Philo (Philo of Alexandria, Philo Judaeus)


Philo (fī´lō) or Philo Judaeus (jōōdē´əs) [Lat.,=Philo the Jew], c.20 BC–c.AD 50, Alexandrian Jewish philosopher. His writings have had an enormous influence on both Jewish and Christian thought, and particularly upon the Alexandrian theologians Clement and Origen. All that is known of his life is that he was sent to Rome c.AD 40 to represent the Jews of Alexandria in seeking the restoration of privileges lost because they had refused to obey an imperial edict to worship Caligula. Philo was the first important thinker to attempt to reconcile biblical religion with Greek philosophy. In so doing he developed an allegorical interpretation of Scripture that enabled him to find many of the doctrines of Greek philosophy in the Torah (the Pentateuch). An eclectic and a mystic, Philo emphasized the total transcendence and perfection of God, and in order to account for creation and the relation between the infinite God and the finite world, he used the concept of the Logos. Logos is the intermediary through which God's will acts and is thus the creative power that orders the world. Along with the Logos, Philo posited a whole realm of beings or potencies that bridge the gap between the Creator and his creation. Only fragments of Philo's works remain, but numerous quotations from his writings are found in early Christian literature.

See his works, tr. by F. H. Colson and G. H. Whitaker (10 vol., 1929–42, Loeb Classical Library); E. R. Goodenough, Introduction to Philo Judaeus (2d ed. 1963).

The Columbia Encyclopedia, 6th ed. Copyright© 2014, The Columbia University Press.

Philo (Philo of Alexandria, Philo Judaeus): Selected full-text books and articles

An Introduction to Philo Judus
Erwin R. Goodenough.
Yale University Press; Oxford University Press, 1940
FREE! The Works of Philo Judeus, the Contemporary of Josephus
Philo; C. D. Yonge.
H.G. Bohn, vol.1, 1854
FREE! The Works of Philo Judaeus, the Contemporary of Josephus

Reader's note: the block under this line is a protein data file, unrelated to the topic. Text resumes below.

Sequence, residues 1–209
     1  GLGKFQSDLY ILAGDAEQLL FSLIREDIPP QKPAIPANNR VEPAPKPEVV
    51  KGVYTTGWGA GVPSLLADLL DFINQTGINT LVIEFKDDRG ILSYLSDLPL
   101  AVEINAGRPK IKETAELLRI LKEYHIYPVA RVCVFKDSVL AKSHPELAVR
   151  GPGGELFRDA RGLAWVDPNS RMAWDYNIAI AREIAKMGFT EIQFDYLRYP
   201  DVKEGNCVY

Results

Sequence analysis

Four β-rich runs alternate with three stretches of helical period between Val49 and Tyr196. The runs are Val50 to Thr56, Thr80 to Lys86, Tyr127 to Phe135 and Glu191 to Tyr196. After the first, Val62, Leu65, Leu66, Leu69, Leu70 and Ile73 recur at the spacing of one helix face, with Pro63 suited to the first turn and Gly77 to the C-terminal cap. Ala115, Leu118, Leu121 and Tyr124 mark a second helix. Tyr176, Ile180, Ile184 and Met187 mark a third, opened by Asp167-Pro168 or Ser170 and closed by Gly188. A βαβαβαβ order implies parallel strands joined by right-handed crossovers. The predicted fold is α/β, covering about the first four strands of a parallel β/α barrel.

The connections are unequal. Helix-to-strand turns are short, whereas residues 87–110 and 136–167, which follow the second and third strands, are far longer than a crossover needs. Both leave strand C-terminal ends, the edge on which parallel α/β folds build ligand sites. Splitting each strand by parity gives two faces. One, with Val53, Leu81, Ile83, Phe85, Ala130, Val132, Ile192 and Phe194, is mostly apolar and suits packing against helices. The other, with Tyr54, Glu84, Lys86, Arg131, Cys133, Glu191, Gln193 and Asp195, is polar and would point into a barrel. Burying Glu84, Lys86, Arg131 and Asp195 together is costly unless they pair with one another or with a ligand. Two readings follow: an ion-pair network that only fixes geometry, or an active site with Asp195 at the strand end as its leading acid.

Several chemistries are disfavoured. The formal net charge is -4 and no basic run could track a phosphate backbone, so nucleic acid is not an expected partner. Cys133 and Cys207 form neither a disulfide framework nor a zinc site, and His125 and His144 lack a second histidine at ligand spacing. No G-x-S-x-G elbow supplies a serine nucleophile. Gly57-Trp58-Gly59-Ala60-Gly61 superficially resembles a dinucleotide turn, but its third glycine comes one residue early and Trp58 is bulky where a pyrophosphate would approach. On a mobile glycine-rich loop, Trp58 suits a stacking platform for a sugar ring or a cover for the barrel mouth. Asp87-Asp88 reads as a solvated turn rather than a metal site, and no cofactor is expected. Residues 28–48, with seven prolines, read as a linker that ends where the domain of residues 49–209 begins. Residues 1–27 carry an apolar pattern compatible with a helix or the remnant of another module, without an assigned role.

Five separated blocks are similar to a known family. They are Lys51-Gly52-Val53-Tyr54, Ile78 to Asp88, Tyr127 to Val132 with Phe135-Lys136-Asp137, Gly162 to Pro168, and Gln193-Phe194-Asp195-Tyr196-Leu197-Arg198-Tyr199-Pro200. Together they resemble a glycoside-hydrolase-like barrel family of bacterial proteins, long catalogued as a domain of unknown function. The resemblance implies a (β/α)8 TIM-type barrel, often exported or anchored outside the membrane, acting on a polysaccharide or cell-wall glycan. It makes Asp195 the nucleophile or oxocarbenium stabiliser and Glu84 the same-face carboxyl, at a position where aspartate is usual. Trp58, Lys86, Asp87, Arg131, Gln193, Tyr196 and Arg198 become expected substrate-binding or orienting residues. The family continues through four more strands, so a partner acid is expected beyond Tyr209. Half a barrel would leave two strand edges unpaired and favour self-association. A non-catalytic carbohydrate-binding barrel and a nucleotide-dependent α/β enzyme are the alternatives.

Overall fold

Philo; C. D. Yonge.
H. G. Bohn, vol.2, 1854
Philo in Early Christian Literature: A Survey
David T. Runia.
Fortress Press, 1993
Writing the Wrongs: Women of the Old Testament among Biblical Commentators from Philo through the Reformation
John L. Thompson.
Oxford University Press, 2001
Jews in the Hellenistic and Roman Cities
John R. Bartlett.
Routledge, 2002
Librarian’s tip: Chap. 10 "Philo, Alexandria and Empire: The Politics of Allegorical Interpretation"
Voluntary Associations in the Graeco-Roman World
John S. Kloppenborg; Stephen G. Wilson.
Routledge, 1996
Librarian’s tip: Chap. 7 "Philo and the Clubs and Associations of Alexandria"
Ancient Alexandria between Egypt and Greece
W. V. Harris; Giovanni Ruffini.
Brill, 2004
Librarian’s tip: "Philo" begins on p. 147
Christianity in the Second Century: The Case of Tatian
Emily J. Hunt.
Routledge, 2003
Librarian’s tip: "Philo: Precursor of Christian Philosophy" begins on p. 110
Jew and Gentile in the Ancient World: Attitudes and Interactions from Alexander to Justinian
Louis H. Feldman.
Princeton University Press, 1993
Librarian’s tip: "Philo on the Wisdom of the Jews" begins on p. 209
Teachers and Texts in the Ancient World: Philosophers, Jews, and Christians
H. Gregory Snyder.
Routledge, 2000
Librarian’s tip: Discussion of Philo begins on p. 122
Belly and Body in the Pauline Epistles
Karl Olav Sandnesn; Richard Bauckham.
Cambridge University Press, 2002
Librarian’s tip: Chap. 7 "The Belly in Philo's Writings"
The Making of Fornication: Eros, Ethics, and Political Reform in Greek Philosophy and Early Christianity
Kathy L. Gaca.
University of California Press, 2003
Librarian’s tip: Part Two "Greek Biblical Sexual Rules and Their Reworking by Paul and Philo"
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